Monday, November 14, 2011
The Plunder of Zacatecas
The canyon lands melt away behind us as the landscape yawns into a wide open high plateau. Fluffy fat cows graze all around us and signs for lienzo charro appear painted on the walls of most towns we pass through. I delight in seeing young men in big hats practicing their rope work while riding horseback on the the grassy banks between the cattle fences and the side of the road. It is obviously mating season for certain insects as the road itself is full of the carnage of millions of giant smashed grasshoppers. On top of almost every pile of smashed sex-craved bugs more grasshoppers gather to copulate.
In Fresnillo, we hope to see some Day of the Dead celebrations, but upon leaving our hotel and making our way to the main drag, we are left speechless by a river of of parents dragging their costumed kiddies to every store in sight silently begging for treats. My feelings are so terribly confused. I love seeing kids dressed up, and, there is no argument, Mexicans know how to rock a wicked costume, but to know that commercialism and the pursuit of candy had pushed such a rich and healing celebration completely into the background is, well, troublesome. Given that this day is actually All Soul's Day and not All Hallow's Eve - this feels like little more than a greedy commercial opportunity at the expense of a much profounder tradition.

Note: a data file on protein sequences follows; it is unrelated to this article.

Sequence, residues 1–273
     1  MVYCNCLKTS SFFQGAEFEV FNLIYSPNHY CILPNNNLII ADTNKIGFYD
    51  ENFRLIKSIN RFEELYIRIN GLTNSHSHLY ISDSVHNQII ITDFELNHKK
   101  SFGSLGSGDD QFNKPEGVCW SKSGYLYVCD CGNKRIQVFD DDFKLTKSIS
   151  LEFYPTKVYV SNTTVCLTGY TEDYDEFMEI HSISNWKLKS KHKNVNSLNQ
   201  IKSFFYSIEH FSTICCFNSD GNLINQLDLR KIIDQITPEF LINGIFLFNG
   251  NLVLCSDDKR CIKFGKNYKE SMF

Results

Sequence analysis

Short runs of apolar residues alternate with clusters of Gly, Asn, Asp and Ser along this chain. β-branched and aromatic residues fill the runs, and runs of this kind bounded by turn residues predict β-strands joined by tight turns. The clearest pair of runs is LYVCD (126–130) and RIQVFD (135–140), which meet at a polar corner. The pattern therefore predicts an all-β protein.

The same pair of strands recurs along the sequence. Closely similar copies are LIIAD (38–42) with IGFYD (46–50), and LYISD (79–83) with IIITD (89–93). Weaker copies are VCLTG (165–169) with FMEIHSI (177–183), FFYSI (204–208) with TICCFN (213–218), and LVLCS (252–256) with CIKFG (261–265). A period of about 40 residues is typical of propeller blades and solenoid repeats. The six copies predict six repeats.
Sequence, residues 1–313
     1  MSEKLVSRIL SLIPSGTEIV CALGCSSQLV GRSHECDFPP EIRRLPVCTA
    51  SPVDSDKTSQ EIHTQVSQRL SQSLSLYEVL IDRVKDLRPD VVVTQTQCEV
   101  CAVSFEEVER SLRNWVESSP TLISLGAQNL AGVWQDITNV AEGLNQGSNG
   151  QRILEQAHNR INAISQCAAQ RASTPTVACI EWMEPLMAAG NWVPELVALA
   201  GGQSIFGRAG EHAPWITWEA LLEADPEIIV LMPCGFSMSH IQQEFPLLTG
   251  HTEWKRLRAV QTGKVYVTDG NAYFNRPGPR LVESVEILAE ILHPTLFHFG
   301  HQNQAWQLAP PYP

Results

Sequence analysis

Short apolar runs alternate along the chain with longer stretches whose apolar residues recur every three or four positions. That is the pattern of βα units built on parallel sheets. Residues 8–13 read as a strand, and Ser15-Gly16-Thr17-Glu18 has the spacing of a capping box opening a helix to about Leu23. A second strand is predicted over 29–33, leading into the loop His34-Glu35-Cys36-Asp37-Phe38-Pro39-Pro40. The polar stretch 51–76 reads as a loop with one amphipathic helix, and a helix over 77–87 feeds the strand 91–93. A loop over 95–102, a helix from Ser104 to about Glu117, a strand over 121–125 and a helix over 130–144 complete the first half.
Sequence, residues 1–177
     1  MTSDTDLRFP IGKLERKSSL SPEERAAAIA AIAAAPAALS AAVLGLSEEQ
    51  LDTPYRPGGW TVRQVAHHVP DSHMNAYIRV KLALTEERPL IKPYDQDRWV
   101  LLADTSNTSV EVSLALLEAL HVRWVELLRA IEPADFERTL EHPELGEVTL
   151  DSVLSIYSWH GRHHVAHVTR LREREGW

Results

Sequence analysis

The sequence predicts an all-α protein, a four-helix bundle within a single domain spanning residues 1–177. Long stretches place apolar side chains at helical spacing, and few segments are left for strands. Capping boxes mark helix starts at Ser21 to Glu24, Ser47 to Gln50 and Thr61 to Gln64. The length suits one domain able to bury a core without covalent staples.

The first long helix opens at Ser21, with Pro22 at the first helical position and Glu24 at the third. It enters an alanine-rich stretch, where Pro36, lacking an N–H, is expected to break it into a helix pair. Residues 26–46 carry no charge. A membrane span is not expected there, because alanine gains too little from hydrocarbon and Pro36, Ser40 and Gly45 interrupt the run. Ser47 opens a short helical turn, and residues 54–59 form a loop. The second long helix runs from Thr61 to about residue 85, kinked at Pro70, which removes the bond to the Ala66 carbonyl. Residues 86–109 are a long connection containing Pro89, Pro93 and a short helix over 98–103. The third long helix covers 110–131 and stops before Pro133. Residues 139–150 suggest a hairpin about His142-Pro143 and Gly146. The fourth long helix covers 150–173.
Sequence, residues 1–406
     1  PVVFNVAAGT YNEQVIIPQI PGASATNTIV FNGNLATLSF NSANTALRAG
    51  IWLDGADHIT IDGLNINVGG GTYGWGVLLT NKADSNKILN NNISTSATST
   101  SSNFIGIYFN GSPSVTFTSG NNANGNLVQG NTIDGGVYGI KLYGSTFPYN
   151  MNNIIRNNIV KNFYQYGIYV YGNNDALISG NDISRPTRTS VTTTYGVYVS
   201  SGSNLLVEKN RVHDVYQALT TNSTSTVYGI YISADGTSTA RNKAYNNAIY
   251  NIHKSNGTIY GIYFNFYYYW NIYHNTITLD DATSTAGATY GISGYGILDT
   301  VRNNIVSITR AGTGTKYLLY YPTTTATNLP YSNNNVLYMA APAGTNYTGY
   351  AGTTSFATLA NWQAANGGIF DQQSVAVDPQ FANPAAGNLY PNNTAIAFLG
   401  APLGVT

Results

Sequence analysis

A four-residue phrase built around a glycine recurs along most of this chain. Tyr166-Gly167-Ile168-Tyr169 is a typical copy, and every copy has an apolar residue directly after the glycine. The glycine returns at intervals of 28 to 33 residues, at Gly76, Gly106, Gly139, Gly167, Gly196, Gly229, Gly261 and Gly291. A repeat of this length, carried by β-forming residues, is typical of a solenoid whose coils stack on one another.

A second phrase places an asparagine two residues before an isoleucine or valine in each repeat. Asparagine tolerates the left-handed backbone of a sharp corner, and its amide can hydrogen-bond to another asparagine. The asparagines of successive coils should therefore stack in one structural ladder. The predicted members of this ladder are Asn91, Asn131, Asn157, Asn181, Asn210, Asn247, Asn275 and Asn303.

And so on we ride into the wind and ever higher into the wide open expanse that is the centre of Zacatecas. Halfway down the road we find a traffic jam. A transport truck has turned over and lost all of its cargo. The cab is completely flattened and dozens of people are mucking about the boxes and broken glass salvaging any full bottles of beer they can carry. The driver is okay. As we arrive, fully drained, in Sombrerete home to some of Mexico's richest deposits of mineral ores. I can't help but think of the parallels between the plundering halloween wannabes of the previous day, our beer looters from the afternoon, and the plundering of the original conquistadors marauding about the Americas in search of gold and silver and any other grabable loot.